CIOs, Prepare For Windows 7 End Of Support Now
Even though the end of support for Windows 7 is set for January 2020, which seems far away, Gartner says, firms need to start planning for it now if they want to avoid similar situation that had happened with Windows XP.
In a recent blog post, Stephen Kleynhans, research VP at Gartner, says CIOs and endpoint computing managers should get ahead of the game and avoid the issues many organizations encountered last time. He believes while Windows XP’s end of support date was announced in 2007, many firms failed to completely remove all trace of the aging OS by the time the deadline arrived. Even today, a substantial number of PCs have XP running somewhere in their organizations.
As for the end of support for Windows 7, while this feels like it’s a long way from now, organizations must start planning now, so they can prevent a recurrence of what happened with Windows XP, says Kleynhans.
“Organizations that have already deployed some Windows 8 PCs, or that decide that Windows 8.1 Update 1 provides an attractive platform, should not shy away from deploying new devices with the OS,” he says. “However, we expect that by the time an organization is ready for a broad rollout, Windows 8.1 Update 2 will have entered the market. Shifting deployment to Update 2 should be relatively straightforward for most organizations, and in that case, Windows 8.1 Update 1 should be seen as a pilot for that ultimate deployment”.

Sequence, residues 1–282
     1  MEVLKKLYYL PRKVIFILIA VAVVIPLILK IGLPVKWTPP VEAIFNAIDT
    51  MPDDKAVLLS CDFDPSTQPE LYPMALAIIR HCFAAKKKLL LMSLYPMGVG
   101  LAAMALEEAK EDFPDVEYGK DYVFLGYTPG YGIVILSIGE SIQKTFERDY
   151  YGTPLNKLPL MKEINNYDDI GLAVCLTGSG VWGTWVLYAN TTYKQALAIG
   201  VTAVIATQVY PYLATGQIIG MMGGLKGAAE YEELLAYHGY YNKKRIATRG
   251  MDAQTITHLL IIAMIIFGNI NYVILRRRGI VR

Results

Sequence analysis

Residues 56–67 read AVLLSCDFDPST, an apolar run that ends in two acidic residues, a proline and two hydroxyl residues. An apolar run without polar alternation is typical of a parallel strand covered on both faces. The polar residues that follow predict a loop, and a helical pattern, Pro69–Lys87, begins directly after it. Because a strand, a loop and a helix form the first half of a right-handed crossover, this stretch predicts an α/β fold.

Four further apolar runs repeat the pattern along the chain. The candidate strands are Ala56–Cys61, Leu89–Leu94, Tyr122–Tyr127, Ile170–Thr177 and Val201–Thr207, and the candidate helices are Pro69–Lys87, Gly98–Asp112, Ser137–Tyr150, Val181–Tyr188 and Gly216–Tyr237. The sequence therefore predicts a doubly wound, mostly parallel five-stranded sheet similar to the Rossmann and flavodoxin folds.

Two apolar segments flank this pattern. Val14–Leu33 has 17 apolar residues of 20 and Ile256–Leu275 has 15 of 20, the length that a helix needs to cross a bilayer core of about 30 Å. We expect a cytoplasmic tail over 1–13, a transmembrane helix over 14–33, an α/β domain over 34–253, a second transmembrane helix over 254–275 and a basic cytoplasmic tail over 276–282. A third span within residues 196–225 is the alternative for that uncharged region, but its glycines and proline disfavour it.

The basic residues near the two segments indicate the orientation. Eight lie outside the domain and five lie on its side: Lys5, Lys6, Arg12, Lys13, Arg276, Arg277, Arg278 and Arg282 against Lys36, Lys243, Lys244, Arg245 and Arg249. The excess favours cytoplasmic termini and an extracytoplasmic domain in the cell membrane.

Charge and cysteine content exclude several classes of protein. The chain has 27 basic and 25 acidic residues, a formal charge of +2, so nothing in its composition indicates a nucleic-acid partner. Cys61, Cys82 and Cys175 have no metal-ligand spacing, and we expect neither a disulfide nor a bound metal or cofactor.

The biggest compatibility issues in terms of applications not working will continue to be those that require specific releases of Internet Explorer. Microsoft will improve the migration process — it will become easier and more reliable to upgrade PCs in place from an older to a newer version of Windows. However, Windows 8 may be the baseline required for more agile application management and upgrades, and improved processes and tools will not resolve the ISV support problem, says Kleynhans.
Gartner recommends that organizations select one of the following three options for dealing with their PC OS platforms through the remainder of this decade:
Deploy Windows 8 on new PCs as they arrive, thereby phasing Windows 7 out over time as PCs are replaced — this may make sense for many organizations.
Skip Windows 8 and plan to deploy a future version of Windows (perhaps Windows Threshold or even a release after that) to replace Windows 7 — we believe most organizations will do this. With this strategy, many will not eliminate Windows 7 before support ends unless they budget extra funding to do so.
Deploy Windows 8 on all PCs to eliminate Windows 7 — for most organizations, we see little value in doing this, and do not recommend it without a solid business case.
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